Annabelle: Creation is an extremely well-made and entertaining sequel that is full of great scares for audiences who are die-hard fans of horror. It took its place as one of the earliest films in the Conjuring timeline in 1955. Two young girls, Janice (Talitha Bateman) and Linda (Lulu Wilson), are best friends living at an orphanage together. Their bond is tested when a mysterious presence begins attempting to destroy their friendship, tugging at the heartstrings of the audience because both of these orphans want to be adopted by the same family so they aren’t separated. The film allows the audience to breathe between the scary scenes, setting up the relatability of the characters for the audience.

The cinematography and sound design are used to build great jump scares that will keep audiences on the edge of their seat. The gore is subtly used alongside frightening imagery to create an explosive third act that does not disappoint at all. Annabelle: Creation is by far the best film out of the three movies centering around the cursed doll.

2. The Conjuring 2: The Enfield Poltergeist 

The Conjuring Universe Films Ranked The Enfield Poltergeist

After the first Conjuring film was released, audiences knew it would be tough to top what Director James Wan had done for the first film. But The Conjuring 2 would have taken the number one spot if not for the strength of the story of the first film. With that being said, The Conjuring 2 is visually and stylistically the best of the franchise. In 1977, paranormal investigators Ed and Lorraine Warren traveled to Enfield, London. There, they meet Peggy Hodgson, an overwhelmed single mother of four who tells the couple that something evil is in her home. Ed and Lorraine believe her story when the youngest daughter starts to show signs of demonic possession. As the Warrens try to help the besieged girl, they become the next targets of the malicious spirit.

The approach to craft in this film is simply unmatched; the acting is phenomenal, and the demons are terrifying. Introducing several new demonic characters, including the Nun and the Crooked Man. Creative set design and CGI animation effects make this one of the most satisfying rewatches in The Conjuring Universe. Color is utilized to illustrate the change in setting; the washed greens and greys of the cabin in the woods melodrama in the first film is replaced with an intense and colorful London battle between good and evil when Lorrain must face off against Valak, the nun. Piercingly cold blues and whites paint the cheerless London where it never stops raining. The Conjuring 2 is, without a doubt, one of the best horror films to have been made within the last decade.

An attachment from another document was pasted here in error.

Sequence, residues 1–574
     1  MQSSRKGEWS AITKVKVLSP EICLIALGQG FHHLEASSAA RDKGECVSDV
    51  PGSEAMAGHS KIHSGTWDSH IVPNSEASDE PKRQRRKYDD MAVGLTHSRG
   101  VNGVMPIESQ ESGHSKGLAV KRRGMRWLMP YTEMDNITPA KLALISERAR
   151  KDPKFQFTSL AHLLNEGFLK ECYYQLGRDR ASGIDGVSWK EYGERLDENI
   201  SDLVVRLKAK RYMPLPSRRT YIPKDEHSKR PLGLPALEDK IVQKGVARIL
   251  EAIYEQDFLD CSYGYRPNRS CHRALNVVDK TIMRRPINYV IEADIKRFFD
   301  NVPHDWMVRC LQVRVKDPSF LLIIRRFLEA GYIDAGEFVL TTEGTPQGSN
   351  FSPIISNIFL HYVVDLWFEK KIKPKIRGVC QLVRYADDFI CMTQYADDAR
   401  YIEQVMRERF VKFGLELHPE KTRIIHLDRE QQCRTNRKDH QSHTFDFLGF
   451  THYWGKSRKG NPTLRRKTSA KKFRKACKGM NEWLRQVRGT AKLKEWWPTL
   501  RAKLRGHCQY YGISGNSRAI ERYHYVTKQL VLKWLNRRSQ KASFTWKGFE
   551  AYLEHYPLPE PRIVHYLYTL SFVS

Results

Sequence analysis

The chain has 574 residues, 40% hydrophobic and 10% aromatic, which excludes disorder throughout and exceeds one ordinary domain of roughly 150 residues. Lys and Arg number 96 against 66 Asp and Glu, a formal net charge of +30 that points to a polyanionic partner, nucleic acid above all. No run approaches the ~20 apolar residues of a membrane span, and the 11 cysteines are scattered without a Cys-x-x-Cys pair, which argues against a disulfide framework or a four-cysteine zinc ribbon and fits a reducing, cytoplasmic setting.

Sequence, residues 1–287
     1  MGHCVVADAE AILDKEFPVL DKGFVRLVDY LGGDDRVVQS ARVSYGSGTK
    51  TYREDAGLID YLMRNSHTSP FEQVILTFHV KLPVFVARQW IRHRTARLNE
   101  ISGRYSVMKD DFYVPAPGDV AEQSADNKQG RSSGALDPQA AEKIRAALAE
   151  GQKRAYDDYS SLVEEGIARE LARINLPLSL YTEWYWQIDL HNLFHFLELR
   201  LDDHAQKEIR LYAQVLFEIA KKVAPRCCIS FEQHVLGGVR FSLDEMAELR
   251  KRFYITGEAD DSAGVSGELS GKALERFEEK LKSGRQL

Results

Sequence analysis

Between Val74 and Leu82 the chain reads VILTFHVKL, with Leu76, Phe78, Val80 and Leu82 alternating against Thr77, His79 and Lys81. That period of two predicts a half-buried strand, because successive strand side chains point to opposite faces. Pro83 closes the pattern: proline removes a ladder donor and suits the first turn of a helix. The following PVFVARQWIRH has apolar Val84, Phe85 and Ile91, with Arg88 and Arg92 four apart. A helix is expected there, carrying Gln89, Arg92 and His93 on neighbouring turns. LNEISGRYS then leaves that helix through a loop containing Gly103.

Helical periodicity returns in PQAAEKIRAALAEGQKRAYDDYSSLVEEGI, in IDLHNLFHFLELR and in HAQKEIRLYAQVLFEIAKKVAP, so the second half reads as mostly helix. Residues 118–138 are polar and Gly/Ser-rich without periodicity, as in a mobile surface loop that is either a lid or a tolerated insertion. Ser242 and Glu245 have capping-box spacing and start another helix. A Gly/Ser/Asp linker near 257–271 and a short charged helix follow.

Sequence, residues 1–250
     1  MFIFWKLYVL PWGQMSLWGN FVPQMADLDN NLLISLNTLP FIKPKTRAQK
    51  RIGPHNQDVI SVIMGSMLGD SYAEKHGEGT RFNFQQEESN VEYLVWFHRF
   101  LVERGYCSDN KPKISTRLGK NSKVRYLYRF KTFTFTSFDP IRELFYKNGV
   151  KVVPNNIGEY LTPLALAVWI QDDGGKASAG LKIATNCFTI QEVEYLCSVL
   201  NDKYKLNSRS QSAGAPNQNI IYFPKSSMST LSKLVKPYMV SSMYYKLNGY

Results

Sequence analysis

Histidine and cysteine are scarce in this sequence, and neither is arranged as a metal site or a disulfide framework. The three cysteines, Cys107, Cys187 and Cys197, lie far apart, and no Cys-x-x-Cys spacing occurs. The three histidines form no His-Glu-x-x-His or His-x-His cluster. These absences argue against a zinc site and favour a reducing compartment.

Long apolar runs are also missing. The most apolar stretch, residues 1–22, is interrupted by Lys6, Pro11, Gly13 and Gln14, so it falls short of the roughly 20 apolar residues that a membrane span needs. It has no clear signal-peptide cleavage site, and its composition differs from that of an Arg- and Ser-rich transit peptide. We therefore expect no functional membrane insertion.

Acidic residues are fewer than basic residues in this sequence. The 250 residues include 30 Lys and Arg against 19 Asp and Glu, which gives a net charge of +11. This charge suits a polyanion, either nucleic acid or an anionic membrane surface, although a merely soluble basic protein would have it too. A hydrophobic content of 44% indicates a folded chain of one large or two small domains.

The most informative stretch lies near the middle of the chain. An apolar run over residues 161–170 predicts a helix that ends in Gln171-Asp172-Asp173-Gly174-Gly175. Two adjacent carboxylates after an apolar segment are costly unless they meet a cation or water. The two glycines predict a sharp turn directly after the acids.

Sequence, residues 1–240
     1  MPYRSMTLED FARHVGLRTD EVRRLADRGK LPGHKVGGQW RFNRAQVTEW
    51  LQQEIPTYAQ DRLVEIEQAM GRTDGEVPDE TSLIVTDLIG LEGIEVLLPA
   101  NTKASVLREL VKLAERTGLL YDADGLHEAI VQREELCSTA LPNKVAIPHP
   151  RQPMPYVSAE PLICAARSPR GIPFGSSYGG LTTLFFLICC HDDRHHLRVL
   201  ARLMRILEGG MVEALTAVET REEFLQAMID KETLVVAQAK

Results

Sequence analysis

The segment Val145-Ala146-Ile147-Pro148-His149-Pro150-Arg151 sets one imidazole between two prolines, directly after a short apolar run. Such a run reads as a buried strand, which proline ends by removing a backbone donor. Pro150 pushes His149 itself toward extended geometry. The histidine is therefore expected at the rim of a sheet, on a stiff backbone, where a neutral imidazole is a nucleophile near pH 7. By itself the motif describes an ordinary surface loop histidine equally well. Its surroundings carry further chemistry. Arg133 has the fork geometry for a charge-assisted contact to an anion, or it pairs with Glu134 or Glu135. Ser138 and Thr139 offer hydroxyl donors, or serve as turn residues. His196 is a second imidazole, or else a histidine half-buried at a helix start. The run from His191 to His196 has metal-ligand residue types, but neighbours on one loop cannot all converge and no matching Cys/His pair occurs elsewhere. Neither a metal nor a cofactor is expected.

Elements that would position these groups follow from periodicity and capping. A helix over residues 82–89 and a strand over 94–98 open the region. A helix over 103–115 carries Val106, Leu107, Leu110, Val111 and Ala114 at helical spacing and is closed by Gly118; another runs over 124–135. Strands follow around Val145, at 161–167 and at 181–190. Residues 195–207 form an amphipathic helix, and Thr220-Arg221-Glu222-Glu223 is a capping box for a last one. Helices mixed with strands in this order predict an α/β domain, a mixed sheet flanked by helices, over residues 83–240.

1. The Conjuring 

The Conjuring Universe Films Ranked The Conjuring

At the top of the list as the best film in the franchise and one of the best modern horror films ever made. The Conjuring takes place in 1971; paranormal investigators and demonologists Lorraine (Vera Farmiga) and Ed (Patrick Wilson) Warren are summoned to the home of Carolyn (Lili Taylor) and Roger (Ron Livingston) Perron. The Perrons and their five daughters have recently moved into a secluded farmhouse, where a supernatural presence has made itself known. Though the manifestations begin with a few somber knocks, things start to escalate into horrifying events, especially after the Warrens discover the history of the land the Perrons are living on. 

Regardless of its classic haunted house setting, The Conjuring’s strengths lie in the storytelling and plot. Director James Wan’s understanding of tone and color is masterful. The editing and shot composition build tension to jump scares in a way that feels absolutely thrilling. While also drawing out the most frightening slow-burn scenes that the audience must face. The antagonist, an evil spirit from the days of the Salem witch trials, takes the classic trope of witches, an often unused element, and creates an original and horrifying villain. It’s simply exhilarating. The movie’s plot is completely fleshed out, and the subplots of Ed and Lorraine’s marriage, in contrast to the Perron family’s struggle to remain strong in the face of evil, builds to an explosive and emotional conclusion that absolutely could have left the film as a standalone story. 

Stream all the films in The Conjuring Universe on Prime Video. 

The Conjuring (2013) Official Warner Bros. Trailer

Source: Dead Talk Live

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Author at Dead Talk News | Posts

Omid Rad is a freelance writer, movie lover and overall geek.

Elke Simmons' writing portfolio includes contributions to The Laredo Morning Times, Walt Disney World Eyes and Ears, Extinction Rebellion (XR) News/Blog, and Dead Talk News.